I’ve never chosen a destination specifically for its food (and certainly not for a specific restaurant), though I know other travelers have. But I love to eat and sampling local flavors is a fun part of discovering new places so I do always try new things instead of eating hamburgers and PBJ all over the world.
In Iceland, though, restaurants can be expensive. Finding a restaurant with good food and reasonable prices isn’t something you can automatically count on. Luckily, I’ve done the research, tried it personally, and am here to report back on Reykjavik restaurants that are delicious and relatively affordable.
Restaurants listed in approximate order of cost, cheapest to most expensive.
Even Icelanders know their food is expensive, which is why they’ve so openly embraced the hot dog as an appropriate meal, snack, and late-night munchie.
So what makes an Icelandic hot dog different? To start with, they’re a blend of beef, pork, and lamb, which gives it a richer flavor. They’re then topped with ketchup, sweet mustard, fried onion, raw onion, and remoulade (sweet relish and mayonnaise). The combination of a real casing and fried onions gives it an interesting texture, but it’s the mustard that ties it all together.
Bæjarins Beztu is considered Iceland’s finest, though you’ll more likely see the locals buying a hot dog at a gas station while on the run. Regardless, the main location of Bæjarins Beztu on Tryggvagata is open late (1:30 or later on weekdays, 4am on weekends), busy, and as casual as it gets.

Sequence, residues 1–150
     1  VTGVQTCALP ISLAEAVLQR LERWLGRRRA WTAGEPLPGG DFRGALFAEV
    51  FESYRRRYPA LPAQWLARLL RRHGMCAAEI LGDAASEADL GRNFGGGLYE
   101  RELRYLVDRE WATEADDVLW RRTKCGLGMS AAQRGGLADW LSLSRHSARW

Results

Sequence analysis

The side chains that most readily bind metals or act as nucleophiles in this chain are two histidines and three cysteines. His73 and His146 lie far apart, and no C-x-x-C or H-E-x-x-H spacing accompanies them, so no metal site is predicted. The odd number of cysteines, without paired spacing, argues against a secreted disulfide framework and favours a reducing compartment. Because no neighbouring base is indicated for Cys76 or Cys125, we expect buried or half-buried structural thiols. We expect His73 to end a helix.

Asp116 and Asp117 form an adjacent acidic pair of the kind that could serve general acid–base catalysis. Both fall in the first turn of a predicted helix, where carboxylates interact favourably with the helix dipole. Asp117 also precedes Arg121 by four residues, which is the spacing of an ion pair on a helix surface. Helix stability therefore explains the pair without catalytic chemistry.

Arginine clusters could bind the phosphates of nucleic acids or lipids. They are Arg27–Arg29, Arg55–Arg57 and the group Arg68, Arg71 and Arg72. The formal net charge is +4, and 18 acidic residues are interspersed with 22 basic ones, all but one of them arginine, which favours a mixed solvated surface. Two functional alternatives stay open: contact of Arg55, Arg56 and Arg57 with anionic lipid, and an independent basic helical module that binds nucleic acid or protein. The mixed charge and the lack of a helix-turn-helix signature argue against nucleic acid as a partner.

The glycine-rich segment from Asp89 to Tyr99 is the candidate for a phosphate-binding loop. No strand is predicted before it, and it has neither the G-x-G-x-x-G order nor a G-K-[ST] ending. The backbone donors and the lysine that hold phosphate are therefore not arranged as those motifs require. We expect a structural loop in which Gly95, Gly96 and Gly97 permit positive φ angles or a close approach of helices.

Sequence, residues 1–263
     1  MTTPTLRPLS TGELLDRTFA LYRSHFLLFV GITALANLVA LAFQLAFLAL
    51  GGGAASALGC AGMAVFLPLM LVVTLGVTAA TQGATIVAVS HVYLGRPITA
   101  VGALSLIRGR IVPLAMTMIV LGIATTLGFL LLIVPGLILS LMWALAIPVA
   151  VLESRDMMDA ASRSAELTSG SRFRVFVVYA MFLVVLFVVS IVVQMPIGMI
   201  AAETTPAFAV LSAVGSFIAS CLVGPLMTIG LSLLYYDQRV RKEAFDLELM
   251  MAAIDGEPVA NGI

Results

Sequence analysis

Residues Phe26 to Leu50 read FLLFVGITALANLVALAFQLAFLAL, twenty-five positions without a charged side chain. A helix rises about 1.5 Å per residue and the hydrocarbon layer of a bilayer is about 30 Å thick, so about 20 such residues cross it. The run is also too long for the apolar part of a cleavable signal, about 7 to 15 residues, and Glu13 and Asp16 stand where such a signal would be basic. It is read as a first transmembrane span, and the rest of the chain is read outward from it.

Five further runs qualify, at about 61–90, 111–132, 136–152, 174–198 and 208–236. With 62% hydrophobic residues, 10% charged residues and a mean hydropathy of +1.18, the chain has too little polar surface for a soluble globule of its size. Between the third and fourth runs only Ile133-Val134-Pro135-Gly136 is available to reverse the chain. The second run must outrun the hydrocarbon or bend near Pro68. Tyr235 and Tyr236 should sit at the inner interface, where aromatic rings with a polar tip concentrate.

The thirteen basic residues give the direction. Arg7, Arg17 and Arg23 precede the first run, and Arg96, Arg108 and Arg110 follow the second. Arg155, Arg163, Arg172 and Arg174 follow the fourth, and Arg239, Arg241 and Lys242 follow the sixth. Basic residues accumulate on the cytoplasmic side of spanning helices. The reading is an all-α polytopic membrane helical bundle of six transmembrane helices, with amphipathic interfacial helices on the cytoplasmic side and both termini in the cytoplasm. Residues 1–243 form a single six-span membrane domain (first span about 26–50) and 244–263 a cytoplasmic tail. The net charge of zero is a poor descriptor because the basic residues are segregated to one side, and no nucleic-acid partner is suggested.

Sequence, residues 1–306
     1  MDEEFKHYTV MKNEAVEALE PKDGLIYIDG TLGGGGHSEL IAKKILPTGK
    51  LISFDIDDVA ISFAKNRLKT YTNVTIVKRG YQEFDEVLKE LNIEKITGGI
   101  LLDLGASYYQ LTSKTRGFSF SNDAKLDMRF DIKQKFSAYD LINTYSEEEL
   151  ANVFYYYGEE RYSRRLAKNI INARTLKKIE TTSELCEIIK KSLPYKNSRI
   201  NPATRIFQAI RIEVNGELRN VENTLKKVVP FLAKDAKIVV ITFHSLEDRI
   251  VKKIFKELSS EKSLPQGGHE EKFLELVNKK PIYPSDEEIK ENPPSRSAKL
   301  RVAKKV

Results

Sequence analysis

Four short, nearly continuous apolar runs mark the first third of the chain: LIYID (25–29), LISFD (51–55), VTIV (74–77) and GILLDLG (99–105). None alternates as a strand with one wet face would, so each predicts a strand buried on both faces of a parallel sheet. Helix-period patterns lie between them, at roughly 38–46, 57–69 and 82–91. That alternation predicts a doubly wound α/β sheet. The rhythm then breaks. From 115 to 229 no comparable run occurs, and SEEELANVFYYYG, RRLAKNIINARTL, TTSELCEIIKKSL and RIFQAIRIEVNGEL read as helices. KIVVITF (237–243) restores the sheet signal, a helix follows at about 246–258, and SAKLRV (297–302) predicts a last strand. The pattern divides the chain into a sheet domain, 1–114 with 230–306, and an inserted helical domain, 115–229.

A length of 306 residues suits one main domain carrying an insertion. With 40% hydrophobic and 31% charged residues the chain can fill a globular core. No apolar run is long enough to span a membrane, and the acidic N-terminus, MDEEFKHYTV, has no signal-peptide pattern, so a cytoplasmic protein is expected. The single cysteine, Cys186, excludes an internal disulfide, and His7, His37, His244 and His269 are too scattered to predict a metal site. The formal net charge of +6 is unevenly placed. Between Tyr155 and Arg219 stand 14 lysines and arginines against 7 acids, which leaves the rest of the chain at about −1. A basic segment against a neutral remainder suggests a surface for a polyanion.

Cost: 380 kr (~US$3) per hot dog, or about 1,000 kr. for two hot dogs and a soda, which is what it’ll take to make a meal.
Looking for another unique take on the hot dog? Try a Detroit Coney Dog (opens in a new window)
Have you ever heard of a fish and chips place that refers to itself as an organic bistro? Now you have. Icelandic Fish and Chips tries to be a bit upscale — at least with their food, certainly not with their ambiance. Choose your favorite fresh-caught fish, add chips, salad, or other sides, and maybe sample a Skyr-based dipping sauce.
The fish was tremendous, lightly battered and crispy fried. For anyone watching their health, you’ll find oven-roasted or grilled seafood options as well. I was on vacation and had no intention whatsoever of counting calories.
My salad was bright with a tangy dressing and my husband’s onion rings were addicting. It’s a good thing because their “chips” are really oven-roasted potatoes, and underwhelming at that. They were oily, salty, and a poor accompaniment to an otherwise delicious meal. Stick with the fish and one of their other sides instead. The worst disappointment, though, were the expensive dipping sauces, none of which wowed us. Be smart and don’t order half a dozen the way we did.
Cost: About 2,000 kr. ($16) for fish and your choice of side, and an additional 280 kr. for a dipping sauce. Assuming you didn’t build up an appetite while ice climbing, portions are definitely big enough for sharing (yes, that’s three pieces of fish shown above with a salad and potatoes).
Is Iceland Expensive? A little bit, but sharing meals is commonplace. Check out other ways to save money on your Iceland trip (opens in new window).
Restaurants that are smack dab in the middle of a tourist area with hundreds of tourist recommendations make me wonder if it’s actually a good restaurant or just a good restaurant given the immediate competition in the harbor area. Saegreifinn passed both tests.
Chilled to our bones, we walked into Sægreifinn to join tourists and locals alike at low, communal tables. Every tourist had a steaming bowl of the restaurant’s famous lobster soup. Every local had a freshly grilled seafood skewer. We tried both.